Archive for academic publishing

Academic Spring Time

Posted in Open Access with tags , , , , on April 11, 2012 by telescoper

Catching up on the last few days’ activity on the Twittersphere I realise that at last the Academic Journal Racket has made it into the mainstream media. The Guardian ran an article on Monday reporting that the Wellcome Trust had weighed in on the side of open access to academic journals, and followed this up with an editorial this morning. Here are the first two paragraphs.

Some very clever people have put up with a very silly system for far too long. That is the upshot of our reporting on scholarly journals this week. Academics not only provide the raw material, but also do the graft of the editing. What’s more, they typically do so without extra pay or even recognition – thanks to blind peer review. The publishers then bill the universities, to the tune of 10% of their block grants, for the privilege of accessing the fruits of their researchers’ toil. The individual academic is denied any hope of reaching an audience beyond university walls, and can even be barred from looking over their own published paper if their university does not stump up for the particular subscription in question.

This extraordinary racket is, at root, about the bewitching power of high-brow brands. Journals that published great research in the past are assumed to publish it still, and – to an extent – this expectation fulfils itself. To climb the career ladder academics must get into big-name publications, where their work will get cited more and be deemed to have more value in the philistine research evaluations which determine the flow of public funds. Thus they keep submitting to these pricey but mightily glorified magazines, and the system rolls on.

These are the points many academics, including myself, have been making for several years apparently with little success. What seems to be giving the campaign against the racketeers some focus is the boycott of rapacious publishing giant Elsevier I blogged about earlier this year, which was kicked off by mathematician and blogger Tim Gowers; the petition now has over 9300 signatures. Elsevier is one of the worst of the racketeers, which is deeply ironic. When Galileo, having been forced to recant by the Inquisition, wrote the Dialogues concerning Two New Sciences and got them published in non-Catholic Leiden, by Elsevier…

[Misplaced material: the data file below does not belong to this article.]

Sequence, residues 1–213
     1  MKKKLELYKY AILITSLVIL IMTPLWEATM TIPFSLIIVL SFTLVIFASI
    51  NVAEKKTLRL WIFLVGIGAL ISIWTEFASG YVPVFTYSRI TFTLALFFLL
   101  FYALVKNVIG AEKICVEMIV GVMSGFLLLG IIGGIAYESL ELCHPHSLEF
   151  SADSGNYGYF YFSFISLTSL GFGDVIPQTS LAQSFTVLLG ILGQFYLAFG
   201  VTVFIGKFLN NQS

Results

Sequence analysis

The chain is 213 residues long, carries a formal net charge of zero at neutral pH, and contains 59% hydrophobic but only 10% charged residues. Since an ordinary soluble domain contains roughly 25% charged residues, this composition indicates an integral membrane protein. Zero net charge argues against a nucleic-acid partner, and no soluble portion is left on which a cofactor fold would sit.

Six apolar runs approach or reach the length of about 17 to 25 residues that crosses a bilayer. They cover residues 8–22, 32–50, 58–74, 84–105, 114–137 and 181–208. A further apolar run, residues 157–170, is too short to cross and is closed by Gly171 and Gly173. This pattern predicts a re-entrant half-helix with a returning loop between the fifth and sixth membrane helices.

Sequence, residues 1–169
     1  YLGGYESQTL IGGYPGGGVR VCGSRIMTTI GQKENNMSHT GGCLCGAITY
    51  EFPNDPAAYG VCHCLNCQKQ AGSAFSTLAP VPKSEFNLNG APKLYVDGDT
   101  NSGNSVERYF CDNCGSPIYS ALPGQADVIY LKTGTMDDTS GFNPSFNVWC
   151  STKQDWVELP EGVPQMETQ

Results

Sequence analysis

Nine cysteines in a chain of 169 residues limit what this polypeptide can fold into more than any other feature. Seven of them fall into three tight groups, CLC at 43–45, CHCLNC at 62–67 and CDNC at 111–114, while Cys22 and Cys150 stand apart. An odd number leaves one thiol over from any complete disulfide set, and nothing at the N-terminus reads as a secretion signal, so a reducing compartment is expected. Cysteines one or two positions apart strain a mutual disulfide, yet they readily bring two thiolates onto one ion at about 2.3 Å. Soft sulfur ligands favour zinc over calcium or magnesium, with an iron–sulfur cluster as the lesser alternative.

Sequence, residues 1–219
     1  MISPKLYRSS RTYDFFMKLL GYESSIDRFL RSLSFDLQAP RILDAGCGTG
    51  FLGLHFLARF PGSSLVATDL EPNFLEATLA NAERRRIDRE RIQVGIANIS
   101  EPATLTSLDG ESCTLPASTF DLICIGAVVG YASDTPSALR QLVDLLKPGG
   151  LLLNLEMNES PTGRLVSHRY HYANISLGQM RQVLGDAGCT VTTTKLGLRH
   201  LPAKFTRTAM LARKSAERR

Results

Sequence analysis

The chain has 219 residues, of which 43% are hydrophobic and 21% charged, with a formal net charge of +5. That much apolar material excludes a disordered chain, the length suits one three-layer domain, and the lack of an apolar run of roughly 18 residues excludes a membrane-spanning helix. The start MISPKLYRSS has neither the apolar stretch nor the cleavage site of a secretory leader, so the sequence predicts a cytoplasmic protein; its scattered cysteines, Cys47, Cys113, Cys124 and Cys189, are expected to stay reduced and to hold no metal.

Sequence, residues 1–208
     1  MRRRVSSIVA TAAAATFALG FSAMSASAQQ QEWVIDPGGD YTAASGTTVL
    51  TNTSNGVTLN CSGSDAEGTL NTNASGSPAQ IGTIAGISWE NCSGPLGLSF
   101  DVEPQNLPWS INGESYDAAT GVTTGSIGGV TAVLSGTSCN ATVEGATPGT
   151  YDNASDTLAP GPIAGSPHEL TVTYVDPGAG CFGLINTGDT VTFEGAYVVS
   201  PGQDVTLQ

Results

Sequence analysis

Elsevier has since withdrawn its support for the infamous Research Works Act, but I hope that doesn’t mean the campaign will dissipate. For the sake of the future of science, the whole system needs to be systematically dismantled and rebuilt free of parasites.

Today I see there’s a related piece in the Financial Times (although it’s blocked by a paywall) and I gather there has also been coverage on BBC Radio over the last few days, although I didn’t hear any of it because of my current location.

The fact that this issue  has garnered coverage  from the mainstream media is a very good thing. Academics have put up with being ripped off for far too long, and it’s to our shame that we haven’t done anything about it until now. Now I think the public will be asking how we could possibly have accepted the status quo and sheer embarrassment might force a change.

Another thing that we need to realise is the extent to which the Academic Journal Racket is feeding off the monster that is Research Assessment, specifically the upcoming Research Excellence Framework. The main beneficiaries of such exercises are not the researchers, but  the academic publishers who rake in the profits generated by the mountains of papers submitted to them in the hope that they’ll be judged “internationally leading” (whatever that means).  If the government is serious about Open Access then only papers that are freely available should be accepted by the REF. If that doesn’t shake up the system, nothing will!